First-base umpire Mike Estabrook called Guyer out, ruling that Craig had tagged him, and Rays manager Joe Maddon came out to challenge the call.
After a one-minute, 34-second review, the ruling on the field stood.
Three batters later, after singles by Logan Forsythe and Ryan Hanigan, Kevin Kiermaier was awarded first base by home-plate umpire Mike DiMuro on a hit-by-pitch. Boston skipper John Farrell thought the pitch had hit Kiermaier's bat, not his arm, as DiMuro ruled.
"Partially, it did hit the bat, but it also pinched my skin to the bat, and that's why I had the reaction I did," Kiermaier said. "Like, it actually did hit me. I was looking at my hand hoping I had a mark so I could be like, 'Hey, look at this' -- so I could prove it. And I was like, 'Man, this is going to go against me, I'm going to have to go hit again with an 0-1 count.'"
Farrell requested a challenge, but the umpires determined that by the time he did, the next play had started, with pitcher Allen Webster on the rubber and batter Ben Zobrist in the box. That would mean the Red Sox could no longer challenge the hit-by-pitch.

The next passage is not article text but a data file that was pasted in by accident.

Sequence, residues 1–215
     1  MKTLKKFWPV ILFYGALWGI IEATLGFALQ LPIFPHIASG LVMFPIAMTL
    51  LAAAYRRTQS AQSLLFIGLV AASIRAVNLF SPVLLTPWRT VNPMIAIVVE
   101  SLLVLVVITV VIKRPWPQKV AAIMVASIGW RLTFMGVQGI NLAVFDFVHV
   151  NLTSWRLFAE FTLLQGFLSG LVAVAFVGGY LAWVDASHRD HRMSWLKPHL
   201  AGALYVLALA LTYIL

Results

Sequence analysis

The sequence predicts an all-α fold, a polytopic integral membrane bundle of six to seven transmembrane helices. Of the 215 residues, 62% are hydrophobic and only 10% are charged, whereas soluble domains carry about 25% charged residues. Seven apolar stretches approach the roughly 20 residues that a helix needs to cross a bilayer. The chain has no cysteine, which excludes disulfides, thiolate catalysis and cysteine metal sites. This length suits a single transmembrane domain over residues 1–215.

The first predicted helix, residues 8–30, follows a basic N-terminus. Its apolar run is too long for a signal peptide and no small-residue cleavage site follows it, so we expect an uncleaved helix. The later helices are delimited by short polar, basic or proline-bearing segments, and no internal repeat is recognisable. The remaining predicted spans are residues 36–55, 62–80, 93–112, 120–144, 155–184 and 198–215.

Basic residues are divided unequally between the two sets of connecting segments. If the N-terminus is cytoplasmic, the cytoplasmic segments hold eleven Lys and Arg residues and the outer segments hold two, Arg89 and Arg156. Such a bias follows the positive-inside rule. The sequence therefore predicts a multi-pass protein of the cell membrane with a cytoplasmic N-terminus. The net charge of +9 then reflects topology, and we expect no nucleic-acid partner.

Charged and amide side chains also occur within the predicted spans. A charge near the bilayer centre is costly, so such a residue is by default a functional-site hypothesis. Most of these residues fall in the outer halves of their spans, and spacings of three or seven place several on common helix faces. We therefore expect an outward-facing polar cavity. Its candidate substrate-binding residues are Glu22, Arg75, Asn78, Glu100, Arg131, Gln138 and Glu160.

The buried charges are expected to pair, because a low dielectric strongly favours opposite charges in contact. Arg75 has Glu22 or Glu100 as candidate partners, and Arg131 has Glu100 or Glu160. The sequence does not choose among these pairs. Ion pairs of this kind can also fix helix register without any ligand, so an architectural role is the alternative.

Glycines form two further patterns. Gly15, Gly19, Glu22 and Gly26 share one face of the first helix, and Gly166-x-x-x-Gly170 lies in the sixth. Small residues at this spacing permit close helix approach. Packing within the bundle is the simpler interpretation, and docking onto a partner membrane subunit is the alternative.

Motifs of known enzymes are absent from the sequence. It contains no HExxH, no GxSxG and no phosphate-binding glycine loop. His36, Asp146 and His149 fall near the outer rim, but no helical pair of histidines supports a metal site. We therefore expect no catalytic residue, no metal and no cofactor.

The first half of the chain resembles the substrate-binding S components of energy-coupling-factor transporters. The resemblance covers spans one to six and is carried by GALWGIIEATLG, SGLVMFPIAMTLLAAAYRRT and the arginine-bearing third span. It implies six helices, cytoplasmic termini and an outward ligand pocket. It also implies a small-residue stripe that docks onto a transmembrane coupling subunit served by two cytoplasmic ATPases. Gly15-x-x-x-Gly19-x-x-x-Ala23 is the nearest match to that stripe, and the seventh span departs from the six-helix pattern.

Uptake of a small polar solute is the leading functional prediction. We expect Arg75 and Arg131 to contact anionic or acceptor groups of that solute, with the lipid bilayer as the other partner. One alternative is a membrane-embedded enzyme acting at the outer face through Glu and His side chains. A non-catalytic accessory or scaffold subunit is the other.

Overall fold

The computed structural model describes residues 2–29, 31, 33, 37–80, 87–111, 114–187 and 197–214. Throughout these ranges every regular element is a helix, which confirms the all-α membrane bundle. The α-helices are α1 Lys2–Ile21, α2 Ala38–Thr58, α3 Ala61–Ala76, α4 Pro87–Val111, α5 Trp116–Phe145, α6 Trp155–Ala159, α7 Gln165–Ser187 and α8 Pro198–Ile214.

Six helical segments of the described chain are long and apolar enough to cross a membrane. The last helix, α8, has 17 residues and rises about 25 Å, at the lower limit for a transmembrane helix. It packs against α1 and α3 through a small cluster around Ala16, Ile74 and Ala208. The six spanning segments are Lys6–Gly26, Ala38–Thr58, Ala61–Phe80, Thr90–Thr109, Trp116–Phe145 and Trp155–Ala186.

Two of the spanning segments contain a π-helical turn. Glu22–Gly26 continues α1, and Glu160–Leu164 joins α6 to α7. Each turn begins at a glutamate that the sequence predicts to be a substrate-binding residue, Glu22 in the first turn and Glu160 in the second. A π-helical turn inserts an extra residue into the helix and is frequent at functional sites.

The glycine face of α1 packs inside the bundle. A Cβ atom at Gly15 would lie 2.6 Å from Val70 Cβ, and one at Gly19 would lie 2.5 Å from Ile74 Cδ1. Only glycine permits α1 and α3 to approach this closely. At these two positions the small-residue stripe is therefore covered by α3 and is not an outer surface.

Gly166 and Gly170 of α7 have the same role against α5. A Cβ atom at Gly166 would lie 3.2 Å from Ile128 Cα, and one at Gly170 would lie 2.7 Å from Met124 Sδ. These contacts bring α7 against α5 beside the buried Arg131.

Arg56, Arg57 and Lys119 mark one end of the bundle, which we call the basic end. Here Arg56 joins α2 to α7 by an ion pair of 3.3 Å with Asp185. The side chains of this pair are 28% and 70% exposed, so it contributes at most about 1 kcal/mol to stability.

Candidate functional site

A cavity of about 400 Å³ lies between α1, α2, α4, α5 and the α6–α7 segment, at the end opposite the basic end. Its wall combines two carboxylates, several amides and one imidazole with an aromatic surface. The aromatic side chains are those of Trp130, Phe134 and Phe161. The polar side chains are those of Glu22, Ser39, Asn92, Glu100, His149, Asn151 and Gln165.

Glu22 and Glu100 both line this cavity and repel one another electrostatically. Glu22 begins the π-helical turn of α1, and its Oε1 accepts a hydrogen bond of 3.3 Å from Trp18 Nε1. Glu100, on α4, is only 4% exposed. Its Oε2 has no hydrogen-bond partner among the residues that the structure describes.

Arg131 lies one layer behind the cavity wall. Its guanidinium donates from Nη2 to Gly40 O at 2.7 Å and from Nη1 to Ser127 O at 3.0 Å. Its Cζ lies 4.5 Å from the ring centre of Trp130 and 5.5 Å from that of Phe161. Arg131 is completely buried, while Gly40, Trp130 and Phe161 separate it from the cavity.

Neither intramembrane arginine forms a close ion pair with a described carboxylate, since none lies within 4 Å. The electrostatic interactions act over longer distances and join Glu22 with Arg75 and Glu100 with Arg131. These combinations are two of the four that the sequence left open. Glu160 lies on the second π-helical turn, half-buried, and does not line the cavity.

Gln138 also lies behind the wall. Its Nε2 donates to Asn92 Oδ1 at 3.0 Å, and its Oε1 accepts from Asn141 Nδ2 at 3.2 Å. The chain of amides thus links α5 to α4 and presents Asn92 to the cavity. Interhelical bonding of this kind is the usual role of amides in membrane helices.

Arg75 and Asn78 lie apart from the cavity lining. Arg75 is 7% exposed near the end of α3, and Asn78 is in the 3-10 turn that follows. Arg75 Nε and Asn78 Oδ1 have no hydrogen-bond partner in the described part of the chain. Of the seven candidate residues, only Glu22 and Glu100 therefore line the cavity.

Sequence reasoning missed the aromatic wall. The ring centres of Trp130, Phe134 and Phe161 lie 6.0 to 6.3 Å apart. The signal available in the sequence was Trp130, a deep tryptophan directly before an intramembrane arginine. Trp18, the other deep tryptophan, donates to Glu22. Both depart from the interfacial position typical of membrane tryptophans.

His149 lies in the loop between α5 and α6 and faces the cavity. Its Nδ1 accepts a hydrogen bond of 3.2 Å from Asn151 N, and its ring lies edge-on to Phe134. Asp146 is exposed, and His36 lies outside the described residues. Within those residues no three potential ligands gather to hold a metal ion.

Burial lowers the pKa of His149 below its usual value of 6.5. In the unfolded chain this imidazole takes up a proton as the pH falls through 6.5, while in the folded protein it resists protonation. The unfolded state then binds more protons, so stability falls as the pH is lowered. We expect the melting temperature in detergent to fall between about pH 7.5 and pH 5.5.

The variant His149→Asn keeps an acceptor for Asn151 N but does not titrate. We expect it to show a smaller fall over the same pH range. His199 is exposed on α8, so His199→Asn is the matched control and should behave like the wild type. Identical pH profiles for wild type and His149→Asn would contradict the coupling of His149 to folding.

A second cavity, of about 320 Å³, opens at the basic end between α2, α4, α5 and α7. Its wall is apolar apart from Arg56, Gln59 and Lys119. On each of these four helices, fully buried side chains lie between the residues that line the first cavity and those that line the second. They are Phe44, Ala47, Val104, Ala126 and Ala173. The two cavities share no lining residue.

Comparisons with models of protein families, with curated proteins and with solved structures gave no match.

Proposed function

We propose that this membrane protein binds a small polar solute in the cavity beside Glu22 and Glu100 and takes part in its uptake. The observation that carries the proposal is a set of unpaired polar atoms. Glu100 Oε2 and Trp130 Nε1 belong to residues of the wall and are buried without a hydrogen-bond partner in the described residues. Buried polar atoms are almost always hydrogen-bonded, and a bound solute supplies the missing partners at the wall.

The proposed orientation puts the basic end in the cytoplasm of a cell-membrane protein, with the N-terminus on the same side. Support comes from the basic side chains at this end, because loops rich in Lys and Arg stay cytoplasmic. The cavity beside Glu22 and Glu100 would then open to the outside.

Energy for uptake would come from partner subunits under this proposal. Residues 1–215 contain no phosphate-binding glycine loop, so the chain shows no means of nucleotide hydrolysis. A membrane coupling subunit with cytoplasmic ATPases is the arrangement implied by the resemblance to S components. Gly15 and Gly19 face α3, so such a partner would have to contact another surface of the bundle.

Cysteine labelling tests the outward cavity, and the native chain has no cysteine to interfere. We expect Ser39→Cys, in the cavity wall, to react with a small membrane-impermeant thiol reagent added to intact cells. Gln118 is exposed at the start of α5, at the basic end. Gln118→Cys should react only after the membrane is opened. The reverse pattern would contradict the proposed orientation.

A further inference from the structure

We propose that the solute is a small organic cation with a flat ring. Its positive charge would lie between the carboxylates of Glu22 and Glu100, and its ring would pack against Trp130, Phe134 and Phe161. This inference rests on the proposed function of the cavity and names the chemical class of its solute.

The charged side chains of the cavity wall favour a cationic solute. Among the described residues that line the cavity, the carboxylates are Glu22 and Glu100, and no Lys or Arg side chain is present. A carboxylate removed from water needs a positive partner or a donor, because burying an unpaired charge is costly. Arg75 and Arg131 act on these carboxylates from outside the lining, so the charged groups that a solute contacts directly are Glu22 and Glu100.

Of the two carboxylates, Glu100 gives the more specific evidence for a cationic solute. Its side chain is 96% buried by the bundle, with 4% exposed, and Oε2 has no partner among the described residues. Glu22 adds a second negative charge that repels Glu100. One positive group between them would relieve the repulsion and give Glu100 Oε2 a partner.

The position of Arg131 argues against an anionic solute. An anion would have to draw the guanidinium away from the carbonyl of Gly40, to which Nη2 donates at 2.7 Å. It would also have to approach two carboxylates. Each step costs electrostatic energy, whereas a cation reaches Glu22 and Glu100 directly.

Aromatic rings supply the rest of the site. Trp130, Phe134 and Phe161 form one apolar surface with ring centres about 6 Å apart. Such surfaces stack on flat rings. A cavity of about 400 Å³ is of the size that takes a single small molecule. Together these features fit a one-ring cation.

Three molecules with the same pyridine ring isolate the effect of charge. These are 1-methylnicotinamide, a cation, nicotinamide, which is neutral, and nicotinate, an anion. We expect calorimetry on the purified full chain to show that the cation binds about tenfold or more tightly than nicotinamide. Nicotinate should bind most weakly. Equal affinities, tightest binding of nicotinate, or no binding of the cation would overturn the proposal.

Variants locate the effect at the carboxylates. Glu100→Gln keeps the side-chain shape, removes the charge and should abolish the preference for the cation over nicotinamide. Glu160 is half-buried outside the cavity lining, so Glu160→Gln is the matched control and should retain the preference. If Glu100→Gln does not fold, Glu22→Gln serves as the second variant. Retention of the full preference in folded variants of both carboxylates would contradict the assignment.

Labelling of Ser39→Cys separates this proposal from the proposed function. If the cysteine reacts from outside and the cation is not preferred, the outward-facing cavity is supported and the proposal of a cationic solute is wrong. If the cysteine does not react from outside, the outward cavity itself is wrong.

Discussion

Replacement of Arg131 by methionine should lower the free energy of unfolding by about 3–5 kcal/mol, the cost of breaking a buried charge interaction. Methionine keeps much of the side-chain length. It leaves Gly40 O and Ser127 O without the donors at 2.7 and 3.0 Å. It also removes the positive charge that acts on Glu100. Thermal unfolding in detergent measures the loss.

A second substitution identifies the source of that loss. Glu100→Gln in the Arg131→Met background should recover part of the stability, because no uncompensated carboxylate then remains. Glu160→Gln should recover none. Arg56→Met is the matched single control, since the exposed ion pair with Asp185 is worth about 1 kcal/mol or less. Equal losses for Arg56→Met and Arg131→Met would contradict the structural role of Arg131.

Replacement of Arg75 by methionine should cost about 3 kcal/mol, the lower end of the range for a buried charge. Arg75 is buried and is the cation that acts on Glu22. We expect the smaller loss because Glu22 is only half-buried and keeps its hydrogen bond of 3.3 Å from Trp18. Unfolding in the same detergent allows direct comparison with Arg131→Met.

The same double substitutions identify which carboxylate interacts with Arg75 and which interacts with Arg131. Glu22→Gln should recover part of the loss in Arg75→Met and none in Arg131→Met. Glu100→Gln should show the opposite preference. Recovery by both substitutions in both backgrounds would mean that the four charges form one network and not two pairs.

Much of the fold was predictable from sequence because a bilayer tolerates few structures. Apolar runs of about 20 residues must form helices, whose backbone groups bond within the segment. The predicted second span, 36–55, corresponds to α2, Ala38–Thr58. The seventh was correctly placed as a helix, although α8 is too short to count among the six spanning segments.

The umpires convened in the infield to discuss whether the play had indeed started, and they decided that it had. Zobrist went on to drive in Forsythe on a fielder's choice, Tampa Bay's only run of the frame.
The Rays protested a game against the Blue Jays last week when the umpires allowed a challenge in a similar situation. Toronto manager John Gibbons successfully challenged a safe call on a pickoff of Wil Myers at first base, even though the Rays argued that Toronto pitcher Mark Buehrle had already stepped back onto the rubber and Yunel Escobar had entered the box.
Did Maddon feel vindicated that Saturday's umpiring crew didn't allow Farrell's challenge?
"Just another win for the Rays," he said.